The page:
The big question in my mind is the sustainability of the arbitrage models which underpin pretty much every internet business plan. Essentially we have two markets: one where everybody consumes but pays in metadata and another where everybody consumes aggregated analytics but pays in cash. An internet business is the arbitrageur who takes advantage of the inability of each market to price the other. History shows that arbitrage markets tend not be stable as information begins to leak across markets. Therefore what would blow the internet up is if consumers could become wiser about what they are giving up and advertisers would become wiser about aggregating consumer data. I imagine a system where each individual would allow bids on their consumption and a market mechanism where bidders competed for that data. This of course depends on users taking control and ownership of their own data. What might help is the realization of what mass state surveillance can do and the realization that internet giants have more information about us than the government could ever hope to possess.
It would create a new era which will have political dimensions. I imagine we’ll need an internet citizen’s bill of rights or some such movement which will reset expectations. Economically, could bode well for those who position themselves as protectors of the individuals and be a crisis for those who take advantage of consumer ignorance.An Interview With Horace Dediu: On Blogging, Apple And What’s Next - Forbes
Instagram photos ceased being viewable on Twitter last December due to a strategic decision by Facebook management, which Twitter CEO Dick Costolo said was “their prerogative.” At the time Instagram was building out a web presence and seeking overall to drive more consumers to view photos within Instagram controlled properties (their website, their apps), rather than through Twitter. Since that time Instagram has continued to grow – 150 million user now – so everything seemingly is healthy. But is it?
What Instagram gave up, in my mind, was owning the word “photo” on Twitter. I spend a lot of my social tech time on Twitter and anecdotally see far fewer Instagram links than I used to. Or maybe it just feels that way since I certainly click on fewer than I did when the picture was embedded right there. These days “photo” for me on Twitter could mean their own native hosting, or FrontBack, or imgur, or any number of other destination links.Instagram Stabbing Itself By Leaving Twitter Cards Off | Hunter Walk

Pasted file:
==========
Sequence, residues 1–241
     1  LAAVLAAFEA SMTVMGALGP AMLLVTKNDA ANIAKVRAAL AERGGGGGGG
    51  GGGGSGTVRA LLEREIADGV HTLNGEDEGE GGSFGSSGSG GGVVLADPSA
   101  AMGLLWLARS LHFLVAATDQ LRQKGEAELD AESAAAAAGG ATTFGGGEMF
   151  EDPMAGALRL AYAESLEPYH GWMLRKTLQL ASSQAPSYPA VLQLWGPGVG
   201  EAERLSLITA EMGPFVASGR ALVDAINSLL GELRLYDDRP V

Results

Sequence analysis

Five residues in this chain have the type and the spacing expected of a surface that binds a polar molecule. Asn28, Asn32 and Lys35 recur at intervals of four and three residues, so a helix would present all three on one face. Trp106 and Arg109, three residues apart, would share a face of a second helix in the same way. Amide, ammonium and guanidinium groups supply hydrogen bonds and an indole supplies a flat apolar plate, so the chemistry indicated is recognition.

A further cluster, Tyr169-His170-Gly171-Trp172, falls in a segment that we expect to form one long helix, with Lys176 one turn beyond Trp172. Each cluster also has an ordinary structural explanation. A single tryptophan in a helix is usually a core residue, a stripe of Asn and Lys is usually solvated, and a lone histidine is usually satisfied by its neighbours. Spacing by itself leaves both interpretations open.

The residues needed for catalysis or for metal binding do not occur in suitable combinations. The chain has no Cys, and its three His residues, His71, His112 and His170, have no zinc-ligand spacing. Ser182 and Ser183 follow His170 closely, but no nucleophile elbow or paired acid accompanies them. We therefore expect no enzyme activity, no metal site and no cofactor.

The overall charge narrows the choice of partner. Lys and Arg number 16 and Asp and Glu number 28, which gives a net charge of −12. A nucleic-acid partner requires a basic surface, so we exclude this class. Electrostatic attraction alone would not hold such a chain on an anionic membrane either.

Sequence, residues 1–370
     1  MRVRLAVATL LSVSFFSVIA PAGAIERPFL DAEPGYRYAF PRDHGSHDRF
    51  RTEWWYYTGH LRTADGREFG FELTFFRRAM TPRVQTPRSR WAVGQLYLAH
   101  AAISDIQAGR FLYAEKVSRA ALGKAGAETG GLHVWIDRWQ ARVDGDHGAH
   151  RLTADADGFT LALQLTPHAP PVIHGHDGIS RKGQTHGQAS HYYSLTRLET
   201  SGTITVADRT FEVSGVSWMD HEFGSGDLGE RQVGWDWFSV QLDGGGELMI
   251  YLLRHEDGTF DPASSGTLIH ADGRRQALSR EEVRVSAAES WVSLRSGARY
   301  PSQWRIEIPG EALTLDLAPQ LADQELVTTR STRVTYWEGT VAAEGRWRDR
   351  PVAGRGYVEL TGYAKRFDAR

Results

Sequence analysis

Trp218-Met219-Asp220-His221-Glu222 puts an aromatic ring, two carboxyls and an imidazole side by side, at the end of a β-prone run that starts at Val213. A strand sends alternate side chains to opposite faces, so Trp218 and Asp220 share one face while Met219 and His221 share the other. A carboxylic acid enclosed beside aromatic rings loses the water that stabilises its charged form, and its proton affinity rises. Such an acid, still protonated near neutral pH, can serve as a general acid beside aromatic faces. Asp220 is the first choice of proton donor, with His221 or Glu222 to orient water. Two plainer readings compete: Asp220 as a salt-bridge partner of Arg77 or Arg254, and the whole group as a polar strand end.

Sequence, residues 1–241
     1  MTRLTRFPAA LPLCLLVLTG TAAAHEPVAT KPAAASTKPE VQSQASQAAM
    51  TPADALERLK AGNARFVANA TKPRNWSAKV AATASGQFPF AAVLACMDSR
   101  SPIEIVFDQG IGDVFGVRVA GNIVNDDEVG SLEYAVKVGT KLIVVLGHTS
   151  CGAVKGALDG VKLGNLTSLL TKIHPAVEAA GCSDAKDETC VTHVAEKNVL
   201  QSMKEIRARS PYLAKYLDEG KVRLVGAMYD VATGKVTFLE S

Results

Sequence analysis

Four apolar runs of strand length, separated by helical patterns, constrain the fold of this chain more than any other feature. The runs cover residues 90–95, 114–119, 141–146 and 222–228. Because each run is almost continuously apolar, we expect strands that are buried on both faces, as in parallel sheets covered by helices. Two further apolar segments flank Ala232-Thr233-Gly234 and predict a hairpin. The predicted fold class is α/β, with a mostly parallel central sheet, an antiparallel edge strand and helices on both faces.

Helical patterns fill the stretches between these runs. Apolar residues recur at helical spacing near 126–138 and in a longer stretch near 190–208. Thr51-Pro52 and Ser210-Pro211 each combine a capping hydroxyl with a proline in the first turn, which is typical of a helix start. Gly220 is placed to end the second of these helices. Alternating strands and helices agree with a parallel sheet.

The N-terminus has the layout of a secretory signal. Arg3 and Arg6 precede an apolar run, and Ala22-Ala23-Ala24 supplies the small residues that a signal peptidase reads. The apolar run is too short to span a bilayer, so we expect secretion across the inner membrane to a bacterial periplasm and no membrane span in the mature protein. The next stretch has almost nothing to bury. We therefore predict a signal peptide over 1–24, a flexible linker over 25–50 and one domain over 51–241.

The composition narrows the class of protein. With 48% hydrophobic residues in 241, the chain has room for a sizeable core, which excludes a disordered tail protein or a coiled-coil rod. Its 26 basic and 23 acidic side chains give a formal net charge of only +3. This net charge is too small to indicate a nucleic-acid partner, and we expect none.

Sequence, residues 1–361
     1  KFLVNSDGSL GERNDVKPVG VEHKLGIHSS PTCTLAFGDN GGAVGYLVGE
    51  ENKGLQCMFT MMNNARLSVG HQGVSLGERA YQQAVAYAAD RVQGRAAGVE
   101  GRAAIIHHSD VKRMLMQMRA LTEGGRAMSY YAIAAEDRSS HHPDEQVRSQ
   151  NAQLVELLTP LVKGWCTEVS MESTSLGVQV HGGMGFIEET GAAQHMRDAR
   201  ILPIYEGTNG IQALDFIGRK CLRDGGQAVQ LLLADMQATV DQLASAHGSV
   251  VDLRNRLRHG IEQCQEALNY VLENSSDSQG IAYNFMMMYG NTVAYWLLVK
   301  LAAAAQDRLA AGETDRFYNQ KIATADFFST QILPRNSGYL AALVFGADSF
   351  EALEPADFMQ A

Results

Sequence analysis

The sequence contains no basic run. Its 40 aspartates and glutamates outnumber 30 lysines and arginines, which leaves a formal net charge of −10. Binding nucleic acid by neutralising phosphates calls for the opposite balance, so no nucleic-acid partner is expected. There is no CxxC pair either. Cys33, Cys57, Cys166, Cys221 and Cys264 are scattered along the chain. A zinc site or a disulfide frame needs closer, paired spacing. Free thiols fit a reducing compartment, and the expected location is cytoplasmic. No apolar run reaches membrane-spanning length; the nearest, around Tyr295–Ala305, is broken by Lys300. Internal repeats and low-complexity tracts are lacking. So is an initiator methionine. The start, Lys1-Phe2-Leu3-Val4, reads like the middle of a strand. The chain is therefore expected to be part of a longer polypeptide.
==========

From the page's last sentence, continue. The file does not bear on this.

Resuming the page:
"Google is epic in the sense that on brand keywords such as Zaggora or HotPants, things that are really key to us as a business, we see a five or six times return. For generics, people searching for sportswear or fitness wear, it is a bit less and comparable to Facebook.
"The difference between Google and Facebook, is that Google is very reactive. You can only advertise to people who are searching for that particular keyword, whereas on Facebook we are able to proactively advertise to those people who we think are most interested in our products. That’s why we love Facebook because we have that extra element of control."
Does social media keep the business honest? “Absolutely. There is nowhere to hide anymore,” says Bell. “Everyone now has a voice. This empowerment means that you lose a lot of control over your brand messaging. Like it or not your brand and marketing message is now held by your social following. Therefore if your customer service is crap, if your product is crap, then people will talk about it, they will write on Facebook about it, they will tell their friends.
"There is research that tells you that people who love your product might tell four or five other people, but people who have a bad experience will tell ten or fifteen. There is nowhere to hide so before you look outwards, look inwards and make sure you are doing things in the best possible way. You are never going to reach perfection, you constantly need to evolve with the needs of your customers."Google is epic but Facebook is better | Technology | theguardian.com